The first time I applied to medical school, I found the rejection letters in my mailbox so quickly that I initially thought perhaps I hadn’t put on enough postage. It was 1972.
I would have applied to medical school even earlier, but my pre-med advisor in college told me to forget about medical school because women just didn’t get in. He said I should become a medical technologist instead. I didn’t want to. So, I applied to graduate school instead. No one had bothered to tell me that getting into a PhD program at UC Berkeley was just as competitive, at that time, as getting into medical school.
I was lucky. Irv Zucker, PhD, the professor I was training under in grad school, knew that my heart was set on becoming a clinical doctor (MD), rather than a professor doctor (PhD). He didn’t hold it against me. Rather, he took me under his wing and guided me through the application process. He was my first mentor.
Applying to med school
As I said, the first time I applied, I was totally rejected. With Irv’s enouragement, I redoubled my efforts to become a viable medical student candidate, doing all the usual pre-med stuff like seeking out advice from other doctors, volunteering at the Berkeley Free Clinic, taking classes with the med students at the newly minted two year clinical program at UC Berkeley, and applying to every medical school in the country that did not explicitly state in their brochures that they preferred students younger than 26 (it was ok to age discriminate at that time). I was 28 and had a 4-year-old son.
I ended up applying to 26 schools, I got 4 interviews, and one acceptance. Luckily, it was to my first choice school, University of California San Francisco. I was shocked. I had had two interviews at UCSF. One was with an older female surgeon who told me point blank that I would either screw up medical school or I would screw up my child. t was simply impossible, she told me, to be a doctor and a mother. My other interview was with a third year student, a woman who was fully supportive of the burgeoning women’s movement, but I thought as a student she wouldn’t have much clout in the admissions process.
I am forever in debt to the Women’s Liberation Movement (that also included some incredible men, such as Irv Zucker). They made it possible for me to fulfill my dream of becoming a doctor. In fact, there are women all over the country who are doctors today because of the obnoxiously spirited actions of some wild and crazy, pushy, bra-burning, and quite tenacious women. They simply were not going to stop agitating until they knocked down the sexist barriers to entry into previously almost all male institutions, such as medical school. They are, and will forever be, my heroes.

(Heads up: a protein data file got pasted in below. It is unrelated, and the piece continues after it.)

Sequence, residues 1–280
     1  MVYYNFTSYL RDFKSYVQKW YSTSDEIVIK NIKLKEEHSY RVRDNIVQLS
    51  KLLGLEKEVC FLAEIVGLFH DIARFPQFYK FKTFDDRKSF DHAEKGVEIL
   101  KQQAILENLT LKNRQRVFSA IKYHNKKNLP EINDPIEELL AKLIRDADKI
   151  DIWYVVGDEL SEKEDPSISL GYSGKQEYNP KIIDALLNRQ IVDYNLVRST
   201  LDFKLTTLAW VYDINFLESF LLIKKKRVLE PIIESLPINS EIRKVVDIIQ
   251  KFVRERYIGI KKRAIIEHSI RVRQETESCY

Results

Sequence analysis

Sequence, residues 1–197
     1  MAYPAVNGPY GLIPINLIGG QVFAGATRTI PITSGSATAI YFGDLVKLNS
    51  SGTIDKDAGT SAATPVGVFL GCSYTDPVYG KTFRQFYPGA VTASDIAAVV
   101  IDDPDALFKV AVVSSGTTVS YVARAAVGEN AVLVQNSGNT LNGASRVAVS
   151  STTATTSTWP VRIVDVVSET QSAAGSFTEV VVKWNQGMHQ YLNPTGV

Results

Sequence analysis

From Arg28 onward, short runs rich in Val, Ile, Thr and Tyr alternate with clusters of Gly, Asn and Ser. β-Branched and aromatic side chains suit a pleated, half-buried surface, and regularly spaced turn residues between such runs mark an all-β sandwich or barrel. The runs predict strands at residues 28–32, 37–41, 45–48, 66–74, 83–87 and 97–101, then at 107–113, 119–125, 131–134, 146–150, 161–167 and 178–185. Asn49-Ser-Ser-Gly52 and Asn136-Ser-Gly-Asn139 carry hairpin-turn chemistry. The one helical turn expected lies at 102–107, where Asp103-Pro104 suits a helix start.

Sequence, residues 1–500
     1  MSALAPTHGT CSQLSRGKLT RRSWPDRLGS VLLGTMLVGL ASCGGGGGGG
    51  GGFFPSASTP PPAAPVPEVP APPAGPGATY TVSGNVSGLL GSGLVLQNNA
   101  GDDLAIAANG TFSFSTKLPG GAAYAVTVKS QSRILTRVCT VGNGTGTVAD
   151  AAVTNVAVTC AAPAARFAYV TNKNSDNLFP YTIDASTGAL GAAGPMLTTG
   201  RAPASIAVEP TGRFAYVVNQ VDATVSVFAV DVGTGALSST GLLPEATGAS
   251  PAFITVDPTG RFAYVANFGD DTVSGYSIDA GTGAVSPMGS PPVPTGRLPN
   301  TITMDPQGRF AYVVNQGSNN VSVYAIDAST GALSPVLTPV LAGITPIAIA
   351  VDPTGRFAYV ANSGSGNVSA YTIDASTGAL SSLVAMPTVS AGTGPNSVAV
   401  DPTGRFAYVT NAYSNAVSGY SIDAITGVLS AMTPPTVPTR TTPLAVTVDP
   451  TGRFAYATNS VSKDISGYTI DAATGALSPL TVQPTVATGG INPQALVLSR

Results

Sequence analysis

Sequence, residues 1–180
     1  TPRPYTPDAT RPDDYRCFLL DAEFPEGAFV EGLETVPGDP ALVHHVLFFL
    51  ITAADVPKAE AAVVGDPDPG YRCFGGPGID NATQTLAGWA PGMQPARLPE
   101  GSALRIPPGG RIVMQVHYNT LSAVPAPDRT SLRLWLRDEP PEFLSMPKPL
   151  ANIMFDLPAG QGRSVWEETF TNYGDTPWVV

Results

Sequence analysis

A wonderful commentary, titled “What Would Patsy Mink Think?” published in the February 8, 2012 issue of JAMA reviews the impact of Title IX on women and medicine. This essay resonated with me as the author, Molly Carnes, MD, MS, an academic physician from University of Wisconsin-Madison, tells a story that is almost identical to mine. She too was asked during her medical school interview how she was going to be a doctor if she had children. She describes her surgery clerkship director telling her on her first day, “It won’t affect your grade, but I want you to know that I don’t think women should be doctors.” My class suffered through sexist comments and sexual harassment as we, although we didn’t label it as such at the time.
Patsy Mink and Title IX
Title IX, the Education Amendments of the Civil Rights Act of 1964 was passed in 1972. Women applied and got accepted to medical school in droves. Women now account for almost 50% of medical students nationwide and are increasingly in top leadership positions in academia, organized medicine, as well as in the healthcare businesses, such as health insurance, device companies, and medical groups. We have come a long way, baby!
Title IX was authored by a remarkable woman from Hawaii, Patsy Mink, who also had the experience of getting rejected by the 20 medical schools she applied to. She went to law school instead and eventually became the first woman of color to be elected to the US House of Representatives.
As we celebrate the 40th anniversary of this landmark legislation, let’s remember that many other women in the Women’s Lib movement were knocking down barriers to women in many other fields. I am often dismayed when I hear younger women snicker about the aggressive women of my day. Hey, thanks to them you can choose your future, go to school, become a professional, be a stay-at-home mom, start a business or go to college on a basketball scholarship.
I am having a wonderful career in medicine-I became an internist and emergency physician. I started a non-profit to address violence as a healthcare issue (Physicians for a Violence-free Society), studied health policy with two-time former Asst. Secretary of Health-Phil Lee, MD, and have had challenging positions as a physician executive. Now I am pursuing health technology entrepreneurialism (more on this later).
By the way, I did not screw up my 4-year old-although he often had to eat in the hospital cafeteria and sleep in the call rooms with me. He grew up to become a superbly trained and very talented body imaging radiologist, a husband of a wonderful woman and father of a little girl that they are raising to know that she can be whatever she wants to be if she only puts her mind to it.
Happy Anniversary Title IX, women and girls all over the country celebrate the day you were signed into law.